Burger King ain’t got nothing on today’s mountain-bike-drivetrain menu. Riders are able to have it their way via a menu of shifting concepts, gear ratios and chainring configurations. Narrow-wide chainrings and clutch-style derailleurs have done wonders in the chain retention game, reducing the number of conventional chainguide devices being used in on everything from cross-country to enduro and park bikes.
When it comes to downhill bikes sporting eight or more inches of rear-wheel-travel, though, chain slap and drivetrain dangle is still a factor. Combine the high speeds with the harsh impacts these bikes endure, and it’s no mystery why most stock offerings come equipped with a chainguide.
e13 LG1+ Crankset & Chainring Specs
- 83-millimeter aluminum spindle
- Available in 165 and 170 millimeter lengths
- Accepts 28-38 tooth direct-mount chainrings
- Crankset MSRP: $250 (BB and chainring sold separately)
- Guide MSRP: $160
The $250 LG1+ crankset is specifically designed for DH bikes and riders looking to get rowdy in the bike park. Bottom brackets are sold separately for $69, as are chainrings for $55. All in, you’re looking at about $380 to get rolling with an LG1+ crankset. Unique to e13 is the P3 Connect spindle and crank arm interface. This smooth, triangular interface is claimed to provide full surface contact with the crank arm, avoiding the creaking and loosening sometimes associated with splined crank arms.
The LG1+ guide features e13’s second-gen Stealth idler and new upper slider with a rubber interior to reduce drivetrain clatter. This $160 guide is modular, with the lower idler able be removed completely if one prefers. Like most chainguides, the LG1+ uses mostly plastic bits, but e13 was careful to use materials that will hold up despite exposure to solvents and chain lubrication.
The upper slider can be opened without tools and swiveled up and out of the way like a Lamborghini door, easing installation of a new chain or the removal of the crankset. To protect a wide range of chainring sizes, three different replaceable direct-mount lower bashguards are included.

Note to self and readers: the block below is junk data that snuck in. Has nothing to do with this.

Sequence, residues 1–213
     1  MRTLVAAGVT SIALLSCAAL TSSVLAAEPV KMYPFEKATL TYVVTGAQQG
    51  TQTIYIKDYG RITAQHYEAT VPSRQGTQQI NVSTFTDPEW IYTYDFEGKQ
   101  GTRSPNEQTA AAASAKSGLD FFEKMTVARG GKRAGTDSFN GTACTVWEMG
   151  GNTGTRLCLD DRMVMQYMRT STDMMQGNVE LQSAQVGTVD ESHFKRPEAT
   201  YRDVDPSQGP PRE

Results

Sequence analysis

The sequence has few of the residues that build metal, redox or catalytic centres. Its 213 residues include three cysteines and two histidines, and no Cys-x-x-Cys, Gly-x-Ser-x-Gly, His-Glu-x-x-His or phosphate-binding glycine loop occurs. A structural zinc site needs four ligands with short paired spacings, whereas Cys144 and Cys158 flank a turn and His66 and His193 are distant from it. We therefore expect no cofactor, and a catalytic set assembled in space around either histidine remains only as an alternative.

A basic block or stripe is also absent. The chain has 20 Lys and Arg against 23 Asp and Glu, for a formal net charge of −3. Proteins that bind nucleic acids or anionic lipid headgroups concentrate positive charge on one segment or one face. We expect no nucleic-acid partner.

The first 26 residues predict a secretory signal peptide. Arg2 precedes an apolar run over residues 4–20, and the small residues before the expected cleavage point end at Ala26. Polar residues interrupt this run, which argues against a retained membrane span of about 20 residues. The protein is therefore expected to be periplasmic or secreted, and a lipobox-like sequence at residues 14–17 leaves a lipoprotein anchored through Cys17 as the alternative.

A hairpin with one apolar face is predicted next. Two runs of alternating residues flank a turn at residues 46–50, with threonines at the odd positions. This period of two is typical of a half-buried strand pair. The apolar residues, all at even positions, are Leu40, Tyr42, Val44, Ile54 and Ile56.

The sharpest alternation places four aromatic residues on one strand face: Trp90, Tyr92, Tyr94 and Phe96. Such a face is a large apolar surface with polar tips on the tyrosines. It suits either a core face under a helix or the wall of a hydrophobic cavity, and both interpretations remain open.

My test LG1+ crankset has withstood a year of poor line choices and untimely pedal strikes in the bike park. Even the threaded pedal eyelets remain unscathed despite a couple bent pedal axles this season. I’m not alone in my disdain for potentially creaky Press Fit bottom brackets (one reason many brands are going back to threaded options), yet thankfully e13’s PF30 setup has remained dialed and silent. The stiff crank arms and unique junction at the spindle create a burly connection that feels confident and efficient under power.
As the chain whips and recoils throughout the rear wheel’s travel, the lower idler wrangles it back into place, keeping the drivetrain in check. There’s some drag on the drivetrain from the idler, but on proper downhill terrain the trade-off is more than worthwhile. Plus, the idler can be easily removed for smoother tracks, extremely muddy conditions, or if a rider simply prefers a quieter and friction-free ride. The chainguide’s retention capability has never been an issue–it’s proven to be one of the most dependable systems out there. For downhillers in search of a crankset and chainguide combo that’s durable and lightweight for the application and won’t skip a beat when sprinting to the finish line, the LG1+ combo delivers.